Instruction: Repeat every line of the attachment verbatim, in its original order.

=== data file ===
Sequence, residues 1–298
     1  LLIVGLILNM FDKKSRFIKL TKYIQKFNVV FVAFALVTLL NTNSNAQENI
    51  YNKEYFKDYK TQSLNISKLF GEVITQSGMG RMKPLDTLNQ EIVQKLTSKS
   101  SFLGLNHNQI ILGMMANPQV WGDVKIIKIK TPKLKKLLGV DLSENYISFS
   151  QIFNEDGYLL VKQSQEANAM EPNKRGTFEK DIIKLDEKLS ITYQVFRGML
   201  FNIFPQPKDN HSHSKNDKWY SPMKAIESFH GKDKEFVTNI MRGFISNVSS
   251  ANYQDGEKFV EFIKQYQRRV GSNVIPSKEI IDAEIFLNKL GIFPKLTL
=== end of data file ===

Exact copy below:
Sequence, residues 1–298
     1  LLIVGLILNM FDKKSRFIKL TKYIQKFNVV FVAFALVTLL NTNSNAQENI
    51  YNKEYFKDYK TQSLNISKLF GEVITQSGMG RMKPLDTLNQ EIVQKLTSKS
   101  SFLGLNHNQI ILGMMANPQV WGDVKIIKIK TPKLKKLLGV DLSENYISFS
   151  QIFNEDGYLL VKQSQEANAM EPNKRGTFEK DIIKLDEKLS ITYQVFRGML
   201  FNIFPQPKDN HSHSKNDKWY SPMKAIESFH GKDKEFVTNI MRGFISNVSS
   251  ANYQDGEKFV EFIKQYQRRV GSNVIPSKEI IDAEIFLNKL GIFPKLTL